There aren’t many artists who will demand you solve a philosophical paradox before the conversation can proceed, but Margaret Leng Tan doesn’t think twice before slapping me with a Zen riddle. “Let’s see if you can figure it out: ‘Taking a nap, I pound the rice’.”
Margaret Leng Tan in Dragon Ladies Don’t Weep. Credit:Pier Carthew
We’ll get back to the rice preparation, but for the uninitiated it’s enough to note that Tan knows her Zen. She is probably the most important living interpreter of the music of John Cage, whose use of silence, chance and error were deeply rooted in Buddhism and other Asian traditions. Her vast repertoire also includes towering figures such as George Crumb and Ge Gan-ru, many of whom wrote work especially for her.
Tan herself, meanwhile, offers her job description as ‘‘sit-down comic’’.
“Because that’s all I want to do. I want to be an entertainer. I don’t like this idea of the really serious concert pianist; that’s so passe.”
In person Tan is alternately imperious and self-effacing, precise in her words and prone to digressions. She’s disarmingly funny while always serious in intent.
The contradictions in Tan’s persona might be cultural, the cross-fertilisation of the rarefied and protected childhood she enjoyed in Singapore and the in-your-face hustle of the New York she arrived at in 1962. She was just 16 when she moved there to study at the prestigious Juillard, where a decade later she became the first woman to earn a Doctorate in Musical Arts.
She’s in Melbourne preparing for her solo performance Dragon Ladies Don’t Weep, a multi-dimensional work in which biography, concert, humour and abstraction bleed together. She loves performing in Australia, she says, because audiences are so expressive. “So different to Singapore audiences. Asian audiences are much more reserved. It’s not that they don’t enjoy it, but when I play George Crumb the critics have said I play it as though the fate of the world depended on it. And they clap like this.” She softly pats her hands together. “Oh dear god.”
The seed that would become Dragon Ladies Don’t Weep was planted in 2015. Tan had heard somewhere that if you’ve got a great title you’ve got to write the book, and for some years she’d known what the title of her own memoir would be. “Dragon Ladies Don’t Weep. It’s so me. But it’s also funny. I started jotting down little anecdotes on scraps of paper here and there and stuffed it all into a folder for that rainy day when I would to sit down and put this all together.”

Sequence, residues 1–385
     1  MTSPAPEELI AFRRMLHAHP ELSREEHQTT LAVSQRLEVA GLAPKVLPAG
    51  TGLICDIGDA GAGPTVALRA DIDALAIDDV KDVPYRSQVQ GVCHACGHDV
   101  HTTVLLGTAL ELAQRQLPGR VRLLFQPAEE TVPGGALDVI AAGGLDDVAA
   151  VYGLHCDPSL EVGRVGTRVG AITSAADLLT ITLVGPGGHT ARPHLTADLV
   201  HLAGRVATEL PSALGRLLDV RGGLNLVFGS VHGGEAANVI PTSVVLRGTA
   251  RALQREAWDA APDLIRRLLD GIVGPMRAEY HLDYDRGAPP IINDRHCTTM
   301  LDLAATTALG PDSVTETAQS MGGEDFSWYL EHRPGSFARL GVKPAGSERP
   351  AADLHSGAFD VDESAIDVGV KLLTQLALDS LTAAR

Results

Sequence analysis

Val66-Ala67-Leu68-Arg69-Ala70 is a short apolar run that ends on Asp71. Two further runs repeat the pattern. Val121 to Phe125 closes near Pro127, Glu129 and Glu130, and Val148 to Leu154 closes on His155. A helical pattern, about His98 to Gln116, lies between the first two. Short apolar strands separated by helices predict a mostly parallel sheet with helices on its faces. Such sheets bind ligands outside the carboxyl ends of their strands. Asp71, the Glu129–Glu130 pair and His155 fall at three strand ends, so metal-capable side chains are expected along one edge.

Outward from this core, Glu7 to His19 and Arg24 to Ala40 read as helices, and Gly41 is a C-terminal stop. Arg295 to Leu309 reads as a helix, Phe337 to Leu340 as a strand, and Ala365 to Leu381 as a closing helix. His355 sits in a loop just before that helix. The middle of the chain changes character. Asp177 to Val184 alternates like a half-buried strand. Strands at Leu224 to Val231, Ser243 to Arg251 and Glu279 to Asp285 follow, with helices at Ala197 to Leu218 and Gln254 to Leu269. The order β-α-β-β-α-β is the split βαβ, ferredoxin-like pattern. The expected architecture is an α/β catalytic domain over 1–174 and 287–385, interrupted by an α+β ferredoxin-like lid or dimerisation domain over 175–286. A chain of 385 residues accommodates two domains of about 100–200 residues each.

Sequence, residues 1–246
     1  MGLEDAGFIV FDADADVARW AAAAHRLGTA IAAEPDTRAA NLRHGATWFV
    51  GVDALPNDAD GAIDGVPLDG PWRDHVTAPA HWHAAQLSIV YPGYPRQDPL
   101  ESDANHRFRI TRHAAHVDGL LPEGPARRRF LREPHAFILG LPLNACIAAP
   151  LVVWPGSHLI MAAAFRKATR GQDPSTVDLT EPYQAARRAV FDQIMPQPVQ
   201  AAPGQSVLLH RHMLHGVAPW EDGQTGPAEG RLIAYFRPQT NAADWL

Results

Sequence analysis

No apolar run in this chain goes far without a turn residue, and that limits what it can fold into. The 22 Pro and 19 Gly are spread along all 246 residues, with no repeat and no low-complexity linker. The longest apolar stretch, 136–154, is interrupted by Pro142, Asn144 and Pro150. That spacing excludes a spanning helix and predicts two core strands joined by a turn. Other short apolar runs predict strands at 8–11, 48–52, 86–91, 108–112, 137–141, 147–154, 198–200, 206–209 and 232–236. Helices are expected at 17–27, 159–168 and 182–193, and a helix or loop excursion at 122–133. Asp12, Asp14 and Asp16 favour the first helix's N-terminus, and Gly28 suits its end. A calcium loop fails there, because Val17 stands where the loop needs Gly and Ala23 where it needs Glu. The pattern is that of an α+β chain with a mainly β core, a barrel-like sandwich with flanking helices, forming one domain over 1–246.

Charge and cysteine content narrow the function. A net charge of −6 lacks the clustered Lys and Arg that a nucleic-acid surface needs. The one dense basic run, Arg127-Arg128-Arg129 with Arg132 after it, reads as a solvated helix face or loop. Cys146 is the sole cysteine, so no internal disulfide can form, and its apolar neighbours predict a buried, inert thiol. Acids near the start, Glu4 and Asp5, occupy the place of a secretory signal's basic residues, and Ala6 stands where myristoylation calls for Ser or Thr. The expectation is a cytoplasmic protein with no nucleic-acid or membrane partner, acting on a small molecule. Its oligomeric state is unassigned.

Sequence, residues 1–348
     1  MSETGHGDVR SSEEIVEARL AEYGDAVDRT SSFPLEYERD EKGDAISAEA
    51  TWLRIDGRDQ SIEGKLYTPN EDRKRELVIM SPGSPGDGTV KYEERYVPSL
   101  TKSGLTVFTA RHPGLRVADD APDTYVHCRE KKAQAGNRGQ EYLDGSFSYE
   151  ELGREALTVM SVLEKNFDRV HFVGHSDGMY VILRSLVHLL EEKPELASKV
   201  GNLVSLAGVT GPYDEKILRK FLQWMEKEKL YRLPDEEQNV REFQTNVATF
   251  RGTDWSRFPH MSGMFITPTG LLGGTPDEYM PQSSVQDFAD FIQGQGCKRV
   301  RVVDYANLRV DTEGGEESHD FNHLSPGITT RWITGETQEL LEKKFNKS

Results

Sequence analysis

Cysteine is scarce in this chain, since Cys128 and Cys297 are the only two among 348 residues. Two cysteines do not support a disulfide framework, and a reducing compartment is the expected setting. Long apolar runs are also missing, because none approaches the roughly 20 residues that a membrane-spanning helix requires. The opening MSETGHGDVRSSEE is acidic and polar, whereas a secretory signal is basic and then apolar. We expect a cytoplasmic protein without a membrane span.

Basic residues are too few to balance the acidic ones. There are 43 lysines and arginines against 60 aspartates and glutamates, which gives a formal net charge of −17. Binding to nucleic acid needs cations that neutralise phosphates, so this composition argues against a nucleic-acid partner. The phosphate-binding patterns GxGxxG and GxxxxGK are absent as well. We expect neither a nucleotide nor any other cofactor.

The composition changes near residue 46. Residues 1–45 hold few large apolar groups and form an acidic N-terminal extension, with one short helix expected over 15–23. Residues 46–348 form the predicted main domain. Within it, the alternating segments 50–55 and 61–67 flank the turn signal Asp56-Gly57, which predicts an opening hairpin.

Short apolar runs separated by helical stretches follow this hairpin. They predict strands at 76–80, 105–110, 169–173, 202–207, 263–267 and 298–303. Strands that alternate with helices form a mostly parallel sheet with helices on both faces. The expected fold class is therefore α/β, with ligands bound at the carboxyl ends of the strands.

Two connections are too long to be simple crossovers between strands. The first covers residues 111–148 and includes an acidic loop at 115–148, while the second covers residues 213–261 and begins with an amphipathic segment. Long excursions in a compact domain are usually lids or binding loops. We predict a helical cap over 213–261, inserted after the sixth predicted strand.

That rainy day never arrived, and Tan’s heavy touring schedule meant she rarely found time to sit still for long. “I was thinking I’d do it when I got old, but then I suddenly realised I’m already old and I still haven’t done it.”
A new idea struck her: create a sonic memoir.
She was at Brisbane Festival that year and mentioned the idea to the US-born, Brisbane-based composer Erik Griswold, with whom she’d worked before. “I said to Erik, ‘You know I’m getting much more into theatre these days. I’d love to collaborate with you on a piece that’s not just music but also multimedia, and that also has an opportunity for me to actually act.’”
The idea soon reached Tamara Saulwick, newly appointed artistic director of Melbourne’s Chamber Made. “I thought it could be an interesting fit for Chamber Made,” Saulwick says. “We did a bit of a blind date where we all came together in Singapore to meet with Margaret, Erik, myself, and dramaturg Kok Heng Leun. We came together for three or four days just to talk and to see if we were the right team for Margaret, and whether the project Margaret was proposing was right for us.”
With the addition of a lighting designer, video artist and costume designer, Dragon Ladies Don’t Weep now features a wide range of collaborators from across three continents. It’s a surprise given that, by her own admission, Tan doesn’t play well with others. “I’m a real control freak and I’m very autonomous in the way I work. I never play with other people if I can help it. The idea of playing a concerto is an absolute nightmare. The fact you have to sit there with 80 other people and be under the tyranny of somebody else’s beat, to me it’s the worst form of composition ever created.”